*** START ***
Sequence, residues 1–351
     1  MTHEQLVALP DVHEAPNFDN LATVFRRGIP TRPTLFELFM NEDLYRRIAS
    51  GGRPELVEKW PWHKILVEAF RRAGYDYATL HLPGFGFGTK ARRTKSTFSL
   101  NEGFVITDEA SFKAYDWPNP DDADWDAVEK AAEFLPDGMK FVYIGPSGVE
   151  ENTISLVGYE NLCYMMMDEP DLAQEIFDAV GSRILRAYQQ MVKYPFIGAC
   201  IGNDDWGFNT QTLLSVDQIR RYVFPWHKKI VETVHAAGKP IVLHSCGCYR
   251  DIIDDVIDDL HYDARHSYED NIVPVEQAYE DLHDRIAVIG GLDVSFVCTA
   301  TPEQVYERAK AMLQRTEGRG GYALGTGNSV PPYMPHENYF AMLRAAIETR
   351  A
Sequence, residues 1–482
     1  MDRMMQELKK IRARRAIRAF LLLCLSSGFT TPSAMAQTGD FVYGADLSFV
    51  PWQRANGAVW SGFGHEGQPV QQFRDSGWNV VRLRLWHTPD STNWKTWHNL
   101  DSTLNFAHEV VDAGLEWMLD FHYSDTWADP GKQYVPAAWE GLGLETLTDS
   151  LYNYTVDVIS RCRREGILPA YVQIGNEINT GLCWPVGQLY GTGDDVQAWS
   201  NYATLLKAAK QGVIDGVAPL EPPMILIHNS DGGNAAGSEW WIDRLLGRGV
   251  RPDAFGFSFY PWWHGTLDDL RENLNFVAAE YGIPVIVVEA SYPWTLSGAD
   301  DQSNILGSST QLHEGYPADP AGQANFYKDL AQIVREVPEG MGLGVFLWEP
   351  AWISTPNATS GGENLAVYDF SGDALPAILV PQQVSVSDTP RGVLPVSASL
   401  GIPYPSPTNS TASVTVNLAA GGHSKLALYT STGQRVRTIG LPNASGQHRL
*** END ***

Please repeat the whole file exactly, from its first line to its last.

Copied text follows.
Sequence, residues 1–351
     1  MTHEQLVALP DVHEAPNFDN LATVFRRGIP TRPTLFELFM NEDLYRRIAS
    51  GGRPELVEKW PWHKILVEAF RRAGYDYATL HLPGFGFGTK ARRTKSTFSL
   101  NEGFVITDEA SFKAYDWPNP DDADWDAVEK AAEFLPDGMK FVYIGPSGVE
   151  ENTISLVGYE NLCYMMMDEP DLAQEIFDAV GSRILRAYQQ MVKYPFIGAC
   201  IGNDDWGFNT QTLLSVDQIR RYVFPWHKKI VETVHAAGKP IVLHSCGCYR
   251  DIIDDVIDDL HYDARHSYED NIVPVEQAYE DLHDRIAVIG GLDVSFVCTA
   301  TPEQVYERAK AMLQRTEGRG GYALGTGNSV PPYMPHENYF AMLRAAIETR
   351  A
Sequence, residues 1–482
     1  MDRMMQELKK IRARRAIRAF LLLCLSSGFT TPSAMAQTGD FVYGADLSFV
    51  PWQRANGAVW SGFGHEGQPV QQFRDSGWNV VRLRLWHTPD STNWKTWHNL
   101  DSTLNFAHEV VDAGLEWMLD FHYSDTWADP GKQYVPAAWE GLGLETLTDS
   151  LYNYTVDVIS RCRREGILPA YVQIGNEINT GLCWPVGQLY GTGDDVQAWS
   201  NYATLLKAAK QGVIDGVAPL EPPMILIHNS DGGNAAGSEW WIDRLLGRGV
   251  RPDAFGFSFY PWWHGTLDDL RENLNFVAAE YGIPVIVVEA SYPWTLSGAD
   301  DQSNILGSST QLHEGYPADP AGQANFYKDL AQIVREVPEG MGLGVFLWEP
   351  AWISTPNATS GGENLAVYDF SGDALPAILV PQQVSVSDTP RGVLPVSASL
   401  GIPYPSPTNS TASVTVNLAA GGHSKLALYT STGQRVRTIG LPNASGQHRL